a reply to: stormcell

The Fukushima power plant was built back in the 1960's and was one of those older designs.
Chernobyl was an older RBMK graphite moderated design as well IIRC.
The newer nuclear plant designs should have evolved into safer and more reliable systems.
Fail safe engineering is expensive and a lot of the original nuclear experts have long since retired from the industry.

Global oil prices have not risen as quickly as predicted, so there is no immediate need for extra grid capacity to charge electric cars.

Could make a good infrastructure battle someday though.


The insurance is the killer for nuclear power. After Chernobyl and Fukushima, nuclear plant owners have to pay premiums that would cover the cost of an insurance payout for everyone in a 60 mile radius. That really puts the cost overhead into the range of national governments and international consortiums.



posted on Aug, 2 2017 @ 06:56 PM
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a reply to: stormcell

Well if there was an international consortium controlling the nuclear power industry globally it would have to be a black project run outside public scrutiny. Otherwise the divide and conquer tactics the MSM uses to keep border tensions high would not be very effective. Maybe having little Kims nuclear experts attend seminars at places like Los Alamos makes sense for a breakaway civilization.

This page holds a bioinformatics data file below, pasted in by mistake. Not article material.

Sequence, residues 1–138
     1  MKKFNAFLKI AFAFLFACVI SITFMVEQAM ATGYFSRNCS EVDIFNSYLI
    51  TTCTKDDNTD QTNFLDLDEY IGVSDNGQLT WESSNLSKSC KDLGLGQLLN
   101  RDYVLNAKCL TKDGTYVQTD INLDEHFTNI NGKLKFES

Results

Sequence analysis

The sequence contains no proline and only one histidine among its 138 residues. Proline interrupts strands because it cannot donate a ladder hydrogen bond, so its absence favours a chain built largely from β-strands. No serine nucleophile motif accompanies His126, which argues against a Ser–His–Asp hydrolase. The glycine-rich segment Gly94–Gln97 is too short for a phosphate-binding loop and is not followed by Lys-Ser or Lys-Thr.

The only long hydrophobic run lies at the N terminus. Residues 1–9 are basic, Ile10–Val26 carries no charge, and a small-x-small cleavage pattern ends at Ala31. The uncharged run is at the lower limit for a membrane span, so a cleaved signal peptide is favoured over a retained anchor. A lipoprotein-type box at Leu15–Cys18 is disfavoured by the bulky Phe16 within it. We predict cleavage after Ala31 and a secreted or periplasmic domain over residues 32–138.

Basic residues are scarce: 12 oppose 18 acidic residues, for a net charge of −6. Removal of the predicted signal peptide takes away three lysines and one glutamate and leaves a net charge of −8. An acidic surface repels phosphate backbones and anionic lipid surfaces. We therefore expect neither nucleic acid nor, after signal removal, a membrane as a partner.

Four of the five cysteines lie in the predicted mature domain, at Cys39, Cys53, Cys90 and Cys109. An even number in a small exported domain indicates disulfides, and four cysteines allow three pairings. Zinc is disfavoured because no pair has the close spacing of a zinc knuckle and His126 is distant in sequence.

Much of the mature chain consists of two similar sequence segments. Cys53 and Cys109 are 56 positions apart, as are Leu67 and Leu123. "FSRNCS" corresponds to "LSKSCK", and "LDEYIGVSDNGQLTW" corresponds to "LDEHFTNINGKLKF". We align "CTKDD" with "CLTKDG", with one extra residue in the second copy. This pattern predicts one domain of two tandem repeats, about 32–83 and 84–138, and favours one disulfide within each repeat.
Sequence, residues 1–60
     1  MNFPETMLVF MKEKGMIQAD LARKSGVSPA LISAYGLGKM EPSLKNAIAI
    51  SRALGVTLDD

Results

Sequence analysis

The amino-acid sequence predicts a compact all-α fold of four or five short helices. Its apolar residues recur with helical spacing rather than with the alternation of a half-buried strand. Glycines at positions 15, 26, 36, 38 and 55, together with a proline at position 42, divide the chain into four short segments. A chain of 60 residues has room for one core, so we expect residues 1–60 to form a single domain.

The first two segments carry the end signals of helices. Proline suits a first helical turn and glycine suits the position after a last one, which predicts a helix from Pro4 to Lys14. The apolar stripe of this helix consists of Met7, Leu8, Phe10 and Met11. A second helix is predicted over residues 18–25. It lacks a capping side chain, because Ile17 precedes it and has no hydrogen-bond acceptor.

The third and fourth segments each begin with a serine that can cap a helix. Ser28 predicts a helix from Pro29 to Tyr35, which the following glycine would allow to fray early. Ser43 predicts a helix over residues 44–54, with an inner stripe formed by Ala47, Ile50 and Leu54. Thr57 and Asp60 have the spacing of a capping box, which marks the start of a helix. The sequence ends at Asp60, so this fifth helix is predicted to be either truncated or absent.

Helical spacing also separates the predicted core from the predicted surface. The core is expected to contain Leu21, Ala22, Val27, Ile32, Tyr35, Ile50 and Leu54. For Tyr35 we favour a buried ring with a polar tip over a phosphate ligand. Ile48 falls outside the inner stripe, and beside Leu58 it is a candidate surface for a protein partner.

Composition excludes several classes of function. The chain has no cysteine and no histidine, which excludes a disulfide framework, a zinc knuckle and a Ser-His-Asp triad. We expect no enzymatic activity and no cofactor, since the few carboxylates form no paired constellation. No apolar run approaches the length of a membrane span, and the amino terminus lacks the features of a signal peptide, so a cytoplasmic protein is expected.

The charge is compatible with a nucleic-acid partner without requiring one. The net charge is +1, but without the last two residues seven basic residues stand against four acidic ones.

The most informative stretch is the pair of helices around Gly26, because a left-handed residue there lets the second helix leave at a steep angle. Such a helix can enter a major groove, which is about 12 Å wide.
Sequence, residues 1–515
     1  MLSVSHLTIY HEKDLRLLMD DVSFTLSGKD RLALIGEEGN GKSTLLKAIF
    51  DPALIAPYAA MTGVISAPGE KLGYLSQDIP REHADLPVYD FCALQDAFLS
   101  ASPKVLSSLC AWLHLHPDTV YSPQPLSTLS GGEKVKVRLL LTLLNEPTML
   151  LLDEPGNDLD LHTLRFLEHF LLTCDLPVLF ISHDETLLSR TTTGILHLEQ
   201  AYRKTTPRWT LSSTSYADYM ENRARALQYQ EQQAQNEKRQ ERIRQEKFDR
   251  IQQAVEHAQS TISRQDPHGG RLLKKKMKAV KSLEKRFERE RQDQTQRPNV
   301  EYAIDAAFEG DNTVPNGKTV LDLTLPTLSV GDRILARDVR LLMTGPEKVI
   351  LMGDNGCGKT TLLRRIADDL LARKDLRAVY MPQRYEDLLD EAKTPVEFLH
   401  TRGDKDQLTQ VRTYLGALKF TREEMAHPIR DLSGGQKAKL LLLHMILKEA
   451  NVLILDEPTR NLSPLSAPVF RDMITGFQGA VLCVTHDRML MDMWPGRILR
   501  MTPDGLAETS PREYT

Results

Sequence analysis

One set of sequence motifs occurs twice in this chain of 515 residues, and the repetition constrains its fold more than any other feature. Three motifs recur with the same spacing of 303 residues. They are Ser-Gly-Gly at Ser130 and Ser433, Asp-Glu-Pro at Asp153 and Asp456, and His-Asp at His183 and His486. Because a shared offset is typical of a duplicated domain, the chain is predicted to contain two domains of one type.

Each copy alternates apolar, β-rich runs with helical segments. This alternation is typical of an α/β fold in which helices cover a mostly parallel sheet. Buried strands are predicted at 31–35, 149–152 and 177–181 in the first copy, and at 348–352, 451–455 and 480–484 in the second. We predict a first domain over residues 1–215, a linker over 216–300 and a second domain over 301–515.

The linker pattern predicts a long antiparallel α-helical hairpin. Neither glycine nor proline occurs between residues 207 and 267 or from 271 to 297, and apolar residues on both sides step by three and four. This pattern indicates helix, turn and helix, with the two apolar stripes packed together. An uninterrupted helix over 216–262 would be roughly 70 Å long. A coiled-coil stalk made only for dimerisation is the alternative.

posted on Aug, 2 2017 @ 08:42 PM
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originally posted by: stormcell
The insurance is the killer for nuclear power. After Chernobyl and Fukushima, nuclear plant owners have to pay premiums that would cover the cost of an insurance payout for everyone in a 60 mile radius. That really puts the cost overhead into the range of national governments and international consortiums.
Insurance is one problem. Another is that the US still has no plans on how to safely dispose of nuclear waste. The first nuclear plant never should have been built until waste disposal plans were in place.



posted on Aug, 2 2017 @ 09:22 PM
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a reply to: Arbitrageur


With increased concerns about nuclear waste, breeding fuel cycles became interesting again because they can reduce actinide wastes, particularly plutonium and minor actinides.[12] Breeder reactors are designed to fission the actinide wastes as fuel, and thus convert them to more fission products.


They have mountain tunnels already dug for nuclear waste but it would be nice if they built cleaner cycling reactors that used the shorter lived actinides.